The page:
Joe Schmidt insists it is essential for Ireland to move swiftly into the new post-O’Driscoll era and hopes their summer trip to Argentina will accelerate the process.
Brian O’Driscoll - the nation’s talisman for more than a decade - bowed out of international rugby as Ireland celebrated their Six Nations triumph in Paris in March.
His departure has left a huge gap in the Irish midfield, which is keenly felt by Schmidt, who coached the centre at Leinster prior to taking over as Ireland head coach.
But the New Zealander is eager to settle on O’Driscoll’s replacement as soon as possible as he looks to back up his debut Six Nations triumph with more success.
“It is the first time in four years that I have not had Brian O’Driscoll available to kind of run the show,” Schmidt told the Rugby Club.
“I think it is fantastic that we have got new blood coming in, at the same time it is disappointing not to have the kind of masterclass that Drico provided.”
Schmidt insisted there are a number of candidates to pick up the vacated No.13 shirt, including Darren Cave, who will wear the jersey in Ireland’s opening Test against the Pumas in Resistencia on Saturday.
The Ireland head coach, though, picked out Tommy Bowe, who will not travel to Argentina as he rests over the summer, as the potential heir to O’Driscoll.
“We have picked three centres and we have also got guys who can move from the outside back in a bit like Keith Earls and Fergus McFadden, who have both played in the midfield,” he said. “So we feel that we have midfield cover.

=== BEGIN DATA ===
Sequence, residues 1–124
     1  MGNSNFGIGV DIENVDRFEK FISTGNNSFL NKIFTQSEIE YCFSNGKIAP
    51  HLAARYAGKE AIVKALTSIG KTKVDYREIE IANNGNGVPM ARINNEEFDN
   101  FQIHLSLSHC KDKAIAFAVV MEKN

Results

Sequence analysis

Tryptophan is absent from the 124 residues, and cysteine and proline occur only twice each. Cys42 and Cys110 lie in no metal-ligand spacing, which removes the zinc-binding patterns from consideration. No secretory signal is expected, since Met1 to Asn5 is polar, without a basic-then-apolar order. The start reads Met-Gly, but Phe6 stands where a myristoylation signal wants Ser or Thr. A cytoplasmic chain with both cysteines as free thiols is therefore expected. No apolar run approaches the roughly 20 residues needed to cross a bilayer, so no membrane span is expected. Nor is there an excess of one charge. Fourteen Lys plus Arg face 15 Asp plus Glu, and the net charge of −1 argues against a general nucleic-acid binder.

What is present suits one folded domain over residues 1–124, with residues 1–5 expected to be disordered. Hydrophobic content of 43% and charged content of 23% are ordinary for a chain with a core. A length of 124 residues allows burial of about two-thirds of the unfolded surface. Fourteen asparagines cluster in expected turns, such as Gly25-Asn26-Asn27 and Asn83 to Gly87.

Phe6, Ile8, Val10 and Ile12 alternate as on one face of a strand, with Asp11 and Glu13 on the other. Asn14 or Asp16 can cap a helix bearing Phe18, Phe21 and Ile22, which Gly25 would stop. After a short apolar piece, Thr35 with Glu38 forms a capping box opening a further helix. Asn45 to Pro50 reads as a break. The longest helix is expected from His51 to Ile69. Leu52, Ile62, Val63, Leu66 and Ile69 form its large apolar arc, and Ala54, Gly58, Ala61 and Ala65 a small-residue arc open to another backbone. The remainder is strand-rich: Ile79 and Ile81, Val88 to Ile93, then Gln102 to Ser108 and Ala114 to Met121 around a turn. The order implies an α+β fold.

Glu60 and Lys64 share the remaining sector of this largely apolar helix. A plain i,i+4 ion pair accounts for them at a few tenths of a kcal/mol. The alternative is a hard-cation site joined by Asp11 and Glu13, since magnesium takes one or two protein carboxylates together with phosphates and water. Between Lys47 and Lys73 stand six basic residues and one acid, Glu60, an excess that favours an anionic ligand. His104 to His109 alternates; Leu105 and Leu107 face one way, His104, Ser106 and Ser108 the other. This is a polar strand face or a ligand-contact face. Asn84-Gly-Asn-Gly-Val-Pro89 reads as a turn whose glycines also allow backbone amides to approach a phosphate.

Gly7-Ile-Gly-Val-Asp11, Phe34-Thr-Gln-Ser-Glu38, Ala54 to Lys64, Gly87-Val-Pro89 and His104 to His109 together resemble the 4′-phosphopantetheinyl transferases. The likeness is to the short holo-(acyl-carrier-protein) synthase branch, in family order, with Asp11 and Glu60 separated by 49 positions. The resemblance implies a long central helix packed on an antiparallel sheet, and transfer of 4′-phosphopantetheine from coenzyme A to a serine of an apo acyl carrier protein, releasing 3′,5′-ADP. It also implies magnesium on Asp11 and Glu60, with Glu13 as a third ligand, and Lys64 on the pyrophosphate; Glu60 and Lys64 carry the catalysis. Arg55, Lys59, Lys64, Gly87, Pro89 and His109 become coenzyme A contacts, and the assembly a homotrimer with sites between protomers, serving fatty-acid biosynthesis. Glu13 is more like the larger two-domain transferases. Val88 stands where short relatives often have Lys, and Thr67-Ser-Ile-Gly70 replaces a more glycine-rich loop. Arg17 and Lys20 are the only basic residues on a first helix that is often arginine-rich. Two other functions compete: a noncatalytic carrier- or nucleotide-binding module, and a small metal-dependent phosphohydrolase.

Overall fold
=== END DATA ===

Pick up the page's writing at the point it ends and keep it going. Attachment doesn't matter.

“Jared Payne is on the radar and for me Tommy Bowe, who is having a rest this summer because of niggly ongoing injuries. He is another guy who could play centre and Luke Fitzgerald is another guy who could play centre.
“So there are a few option and it is about trying to make that decision relatively quickly if we can because we need to get a bit of continuity through the Six Nations and the world beyond.”
For Schmidt the two-Test tour to Argentina, which includes a showdown with the Pumas in Tucuman on June 14, represents the chance to put a host of youngsters through their paces and test their temperament in the hostile atmosphere of international rugby and rugby in Argentina.
“Success for me is getting the opportunity to see young guys train, the new guys train, see how they react in the pressure cooker that Test match rugby is,” he said.
“There are a couple of hostile environments that we are going to end up in and that is going to be an exercise for them. “